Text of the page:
+

Owning a home is part of the American dream, but for people who are in poverty or were recently homeless, it's often just that: a dream.

Image via CCSS/Vimeo.

The Tiny Homes project in Detroit hopes to change that.

Image via CCSS/Vimeo.


The project was born out of a nonprofit called Cass Community Social Services (CCSS), run by Rev. Faith Fowler, who began thinking about how property is passed down within families after her mother passed away a few years ago.

The goal of the project is to give people with low incomes or who were recently homeless the opportunity to own homes of their own.

"We were looking for a way to help homeless and other low-income people gain an asset," Fowler explained over email.

Image via CCSS/Vimeo.

These tiny homes are unique for a number of reasons. Perhaps the most significant is that while similar tiny-home homeless relief projects have popped up in other locations, Cass Community Tiny Homes is the first to offer properties that are rent-to-own.

This is an important distinction because of the advantages that come from owning property, like building equity and tax deductions. Perhaps the most significant benefit, however, is what owning property can do for a family in the long term. Studies show the main reason children from wealthier families end up doing better financially as adults than children from poorer families comes down to their parents owning more valuable properties in nicer neighborhoods with better schools — homes that they pass down to their kids.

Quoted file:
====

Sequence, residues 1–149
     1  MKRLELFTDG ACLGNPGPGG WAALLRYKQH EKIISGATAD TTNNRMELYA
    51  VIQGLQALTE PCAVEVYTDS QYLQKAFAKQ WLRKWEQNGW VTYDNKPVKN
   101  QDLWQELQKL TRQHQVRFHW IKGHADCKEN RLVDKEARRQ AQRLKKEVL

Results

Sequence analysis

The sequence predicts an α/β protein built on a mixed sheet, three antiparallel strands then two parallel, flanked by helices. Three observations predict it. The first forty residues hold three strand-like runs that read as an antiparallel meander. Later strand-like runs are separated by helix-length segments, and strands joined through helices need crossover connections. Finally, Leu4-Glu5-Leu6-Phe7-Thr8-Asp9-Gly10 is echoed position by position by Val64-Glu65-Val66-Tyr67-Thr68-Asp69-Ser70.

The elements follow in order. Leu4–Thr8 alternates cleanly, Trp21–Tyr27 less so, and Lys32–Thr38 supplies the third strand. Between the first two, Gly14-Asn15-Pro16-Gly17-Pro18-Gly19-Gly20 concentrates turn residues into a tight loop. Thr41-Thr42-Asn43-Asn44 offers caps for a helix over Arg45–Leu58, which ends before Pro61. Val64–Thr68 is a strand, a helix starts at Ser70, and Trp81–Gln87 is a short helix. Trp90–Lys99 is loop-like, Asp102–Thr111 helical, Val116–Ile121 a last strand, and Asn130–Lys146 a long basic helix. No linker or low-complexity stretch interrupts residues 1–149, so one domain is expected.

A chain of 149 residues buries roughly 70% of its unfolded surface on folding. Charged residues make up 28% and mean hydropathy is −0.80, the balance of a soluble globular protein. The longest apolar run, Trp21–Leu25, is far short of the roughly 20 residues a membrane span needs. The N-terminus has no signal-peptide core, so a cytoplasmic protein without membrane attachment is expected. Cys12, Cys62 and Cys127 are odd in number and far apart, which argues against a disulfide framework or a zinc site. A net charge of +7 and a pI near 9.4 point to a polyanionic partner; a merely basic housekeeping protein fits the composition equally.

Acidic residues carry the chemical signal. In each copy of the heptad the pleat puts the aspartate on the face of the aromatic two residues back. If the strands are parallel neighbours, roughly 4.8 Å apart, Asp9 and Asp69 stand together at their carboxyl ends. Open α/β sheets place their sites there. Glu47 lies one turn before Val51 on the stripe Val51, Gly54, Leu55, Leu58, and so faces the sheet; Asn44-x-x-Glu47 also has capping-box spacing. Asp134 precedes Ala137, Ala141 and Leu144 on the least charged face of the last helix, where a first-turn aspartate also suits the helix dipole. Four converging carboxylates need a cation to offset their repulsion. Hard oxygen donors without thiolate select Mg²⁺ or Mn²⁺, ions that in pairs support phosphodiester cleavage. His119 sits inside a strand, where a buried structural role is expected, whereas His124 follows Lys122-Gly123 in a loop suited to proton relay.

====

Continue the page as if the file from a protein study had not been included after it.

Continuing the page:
Image via CCSS/Vimeo.

Here's how the rent-to-own plan works: The tiny-home community reaches out through shelters and neighborhood canvassing to find people who are ready to move into a home but can't afford one. There is a review process for prospective tenants that culminates with an interview. Once accepted, tenants start a year lease, paying rent no more than a third of their monthly salary.

The rental price of each unit is $1 per square foot, meaning a 250-square-foot house costs $250 a month to rent. Because the tiny homes are built for energy efficiency, utilities are estimated to be quite low, approximately $35 a month.